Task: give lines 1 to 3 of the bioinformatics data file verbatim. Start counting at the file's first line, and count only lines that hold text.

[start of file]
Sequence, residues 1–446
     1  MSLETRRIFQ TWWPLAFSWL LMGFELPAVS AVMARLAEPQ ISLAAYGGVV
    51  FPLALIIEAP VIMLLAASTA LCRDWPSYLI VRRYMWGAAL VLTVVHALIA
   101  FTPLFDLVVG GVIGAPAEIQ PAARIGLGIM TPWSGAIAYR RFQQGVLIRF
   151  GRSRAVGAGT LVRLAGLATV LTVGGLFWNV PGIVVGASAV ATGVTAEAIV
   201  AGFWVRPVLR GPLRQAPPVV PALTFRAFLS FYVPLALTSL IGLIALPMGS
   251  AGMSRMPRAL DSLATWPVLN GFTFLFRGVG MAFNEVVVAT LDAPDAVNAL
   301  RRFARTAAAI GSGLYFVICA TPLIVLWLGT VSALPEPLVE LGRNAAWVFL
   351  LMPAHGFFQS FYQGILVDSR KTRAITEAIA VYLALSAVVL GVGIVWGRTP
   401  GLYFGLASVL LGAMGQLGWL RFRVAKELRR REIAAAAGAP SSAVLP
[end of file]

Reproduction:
Sequence, residues 1–446
     1  MSLETRRIFQ TWWPLAFSWL LMGFELPAVS AVMARLAEPQ ISLAAYGGVV
    51  FPLALIIEAP VIMLLAASTA LCRDWPSYLI VRRYMWGAAL VLTVVHALIA